Easy to say in hindsight? Not really. I said these things in 2016 in the second Labour leadership election that Corbyn won. I said it throughout late 2018 and early 2019 was the Remain vote became disenchanted with Corbyn. But the behaviour of Labour MPs made an alternative to Corbyn impossible in 2016 then, as it had been in 2015, and after the 2017 general election result he was never going to be removed.

Could we have stopped Johnson if Labour had not allowed the Remain vote to split. To be honest I don’t know. That is how negative the media’s image of Corbyn has been. Some Lexiters will say it is all Remainers’ fault, but that is a nonsense position. As a result of this defeat we have reached the end of the line for the Remain cause. It has been three years of experts and people who made themselves experts trying to explain why Brexit was such a bad idea, but nothing we could do was able to counteract the propaganda of the Brexit press and the knowledge as opinion attitude of the broadcast media, and particularly the BBC. The really striking finding after three years when the truth about Brexit became crystal clear to anyone wanting or able to see it is that the number of people wanting Brexit changed only a little, and that is what gave Johnson his majority.

Now that we have elected our own Donald Trump, I’m reminded of a talk Paul Krugman gave after Trump won. At the time I wrote a post about it, and I ended it like this:
“We can, and should, continue to rage against the dying of the light. What is difficult, in this time of crazy, is being able to put that rage aside, and engage in a form of quietism, a retreat from the here and now of political discourse. Not a retreat into any kind of acceptance of where we now are, but instead into asking what and why, and from the answers to those questions to planning for the time when facts get back into fashion. But more than that. Using the answers to the what and why to prevent us lapsing back into our current post-truth world.”

I will continue to rage, but not quite as often as I have done since the blog began almost exactly eight years ago. It is time for deeper thought about how we get back to the light and ensure that we never again lapse into a post-truth world.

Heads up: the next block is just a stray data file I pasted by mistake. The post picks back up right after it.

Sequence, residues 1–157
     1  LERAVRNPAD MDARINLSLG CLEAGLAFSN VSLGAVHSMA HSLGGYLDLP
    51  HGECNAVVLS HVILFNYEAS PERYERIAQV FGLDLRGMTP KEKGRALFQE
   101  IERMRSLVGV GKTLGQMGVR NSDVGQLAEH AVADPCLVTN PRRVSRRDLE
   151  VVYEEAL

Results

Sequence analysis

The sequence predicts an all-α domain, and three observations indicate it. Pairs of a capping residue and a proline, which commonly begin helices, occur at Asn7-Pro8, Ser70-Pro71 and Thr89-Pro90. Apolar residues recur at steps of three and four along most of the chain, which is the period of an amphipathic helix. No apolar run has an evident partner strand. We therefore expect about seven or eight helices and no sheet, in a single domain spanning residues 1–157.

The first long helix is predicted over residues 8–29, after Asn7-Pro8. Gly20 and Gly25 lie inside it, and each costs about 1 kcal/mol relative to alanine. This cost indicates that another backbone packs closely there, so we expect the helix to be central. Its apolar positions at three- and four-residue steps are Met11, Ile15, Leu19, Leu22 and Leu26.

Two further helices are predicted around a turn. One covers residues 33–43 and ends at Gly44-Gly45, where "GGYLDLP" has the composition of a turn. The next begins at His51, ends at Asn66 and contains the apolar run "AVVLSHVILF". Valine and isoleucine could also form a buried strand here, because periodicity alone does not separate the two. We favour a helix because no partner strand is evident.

1. Your "raging" has been an important inspiration, Simon. Looking fwd also to deeper thoughts.
    All best

  2. Please don't go too far away or for too long. I have a feeling we are going to need voices like yours.

  3. While I read and value all you write, I have been and am distressed that you are unable to understand just how important having Jeremy Corbyn as Prime Minister would have been.

  4. Thanks for your posts. One question: Will you be intending to post more about macro theory in the future? Topics like monetary policy, QE, NGDP targets, MMT, the Euro, microfoundations etc. or not? If not, do you know where I can find blogs on these topics.

  5. From the beginning, you were continually critical of Jeremy Corbyn for failing to be sufficiently against Brexit. This was a drastic political mistake.

  6. Dear Simon Wren-Lewis

    Darkness has indeed crept over the divided kingdoms with half-truths and lies first through the post of many minds. You fought long and hard to enlighten us all with the facts and the clear reasonings which your sharp intellect dictated. Your thoughts have been vindicated all too often by the events with others failing to think things through and to act accordingly. You truly raged as a bright flame of truth...

    For my small part I feel honoured to have witnessed that ready rage of reason through blog and book.

    Thank you for everything!

  7. Economists will want to thank Britain for running a natural economic experiment. They are lusting for the results of leaving the EU.
    Good Luck to Britain. I hope things work out better than predicted.

  8. Yours has been a voice of sanity these past weeks and months. Thank you. Please don't go too quiet!

  9. Partisan hackery tied in a bow of sour grapes, garnished with feeble economics.

  10. You have it pretty spot on. Labour and LibDem contrived to kill off the remainer cause in the end. Corbyn for me though bears ultimate responsibility for Brexit. At the time of the referendum his lack of enthusiasm (to put it mildly) for the remain cause left many Labour voters lacking clear direction; their instinctual answer was to vote for the 'man of the people' Farage and against the remainer Conservatives (Cameron and Osborne). The remain cause could then have united and unequivocally come together on a simple 'confirmatory referendum for the deal' message. That might have had a chance. Instead they let the 'English Nationalist' party drive the agenda.

    If Labour does not make Corbyn and his idealogues go, they will be out of power for at least 10 years. I think it needs to change its approach to choosing leaders too: leaving so much power in the hands of party members empowers the fanatical wing(it's the same in the Tory party too).

  11. By "getting back to the light" and "ensuring that we never again lapse into a post-truth world" you seem to mean creating a world in which everybody agrees with you about everything?

  12. "It is time for deeper thought about how we get back to the light and ensure that we never again lapse into a post-truth world."

    Well I'm going to try to raise public understanding of why we need to replace FPTP with a Proportional voting system in the Commons.

  13. I support Remain but I do not know how Labour as a Remain party can represent the Leave strongholds that have just fallen to the Tories. A different Labour leader supporting Remain would face different objections but would probably fail anyway.